Sunday, November 04, 2007

Caring about Time's Reality

Do debates in the metaphysics of time affect what we should care about? If eternalism is true, for example, should we be more or less obsessed with non-present events? If presentism is true, can that justify temporal bias (in favour of the near future, say)?

David Velleman ('So it goes', p.20) writes:
We can't stop the self from seeming to endure, or stop time from seeming to pass, but we can cope with these phenomena better, given the knowledge that they are merely phenomenal...

I have a disconcerting tendency to live different parts of my life all at once -- to relive the past and pre-live the future even while I'm trying to live in the present. And even as I relive my past in a memory, it is at the same time speeding away from me, as there comes bearing down on me a future that I am pre-living in anticipation. It's as if too many parts of my life are on the table at once, and yet somehow they are continually being served up and snatched away like dishes in a restaurant whose wait-staff is too impatient to let me eat...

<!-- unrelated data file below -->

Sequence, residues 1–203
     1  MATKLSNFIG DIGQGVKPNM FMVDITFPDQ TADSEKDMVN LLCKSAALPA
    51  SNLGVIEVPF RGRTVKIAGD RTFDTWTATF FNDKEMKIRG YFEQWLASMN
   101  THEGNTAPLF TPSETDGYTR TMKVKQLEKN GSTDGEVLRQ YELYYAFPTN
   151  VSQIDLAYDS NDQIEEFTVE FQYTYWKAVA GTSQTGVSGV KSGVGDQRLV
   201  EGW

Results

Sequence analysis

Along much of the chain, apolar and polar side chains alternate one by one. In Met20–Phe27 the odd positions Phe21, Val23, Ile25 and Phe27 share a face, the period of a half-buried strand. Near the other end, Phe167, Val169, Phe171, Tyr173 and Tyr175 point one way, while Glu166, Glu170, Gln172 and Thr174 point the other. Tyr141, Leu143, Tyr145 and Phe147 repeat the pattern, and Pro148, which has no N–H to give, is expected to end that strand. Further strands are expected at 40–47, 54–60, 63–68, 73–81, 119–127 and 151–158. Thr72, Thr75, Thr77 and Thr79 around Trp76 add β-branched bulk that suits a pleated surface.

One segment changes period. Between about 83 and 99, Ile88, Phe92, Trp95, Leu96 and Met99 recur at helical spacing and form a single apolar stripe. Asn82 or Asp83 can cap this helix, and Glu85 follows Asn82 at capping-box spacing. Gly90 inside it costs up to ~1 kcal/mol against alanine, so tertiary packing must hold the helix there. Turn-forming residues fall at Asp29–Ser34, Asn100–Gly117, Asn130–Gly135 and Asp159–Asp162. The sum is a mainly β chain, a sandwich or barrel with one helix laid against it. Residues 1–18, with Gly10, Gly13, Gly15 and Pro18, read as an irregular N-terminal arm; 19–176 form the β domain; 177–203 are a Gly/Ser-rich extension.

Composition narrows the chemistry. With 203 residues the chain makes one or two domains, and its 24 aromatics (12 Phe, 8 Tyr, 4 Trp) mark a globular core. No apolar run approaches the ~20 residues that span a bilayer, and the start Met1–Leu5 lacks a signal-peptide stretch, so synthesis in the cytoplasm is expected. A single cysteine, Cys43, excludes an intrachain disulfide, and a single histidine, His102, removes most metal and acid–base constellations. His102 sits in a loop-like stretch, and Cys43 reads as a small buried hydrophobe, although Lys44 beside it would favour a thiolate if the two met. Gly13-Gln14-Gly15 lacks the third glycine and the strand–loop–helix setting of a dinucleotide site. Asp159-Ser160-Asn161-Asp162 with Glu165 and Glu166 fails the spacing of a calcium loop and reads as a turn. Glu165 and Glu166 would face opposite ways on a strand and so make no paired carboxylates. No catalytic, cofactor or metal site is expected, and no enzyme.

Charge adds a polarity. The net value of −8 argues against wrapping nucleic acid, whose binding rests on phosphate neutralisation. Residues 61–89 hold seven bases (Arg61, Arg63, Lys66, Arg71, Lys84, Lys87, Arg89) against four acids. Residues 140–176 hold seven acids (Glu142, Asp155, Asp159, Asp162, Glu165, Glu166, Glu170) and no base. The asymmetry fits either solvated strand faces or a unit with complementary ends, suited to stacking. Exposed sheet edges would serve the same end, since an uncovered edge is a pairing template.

The realization that I am of the moment -- that is, a momentary part of a temporally extended self -- can remind me to be in the moment.

But why is this? I guess the thought is that if the past no longer exists, our emotional attachment to it may tempt us to imaginatively "bring" it into the present. Eternalism reassures us that the past is safe and sound right where it is, so we need not be so clingy. On the other hand, as a classmate pointed out to me, we may think that the eternal reality of a past event is all the more reason to dwell on it. (I'm more inclined to the view that the metaphysics makes no difference either way. But that may just be because I can't really see what the dispute amounts to -- presentism seems inconceivable to me.)

What of temporal bias? Could "the moving now" better justify the relief we feel when bad events are past? Parfit (R&P, p.180) suggests an argument: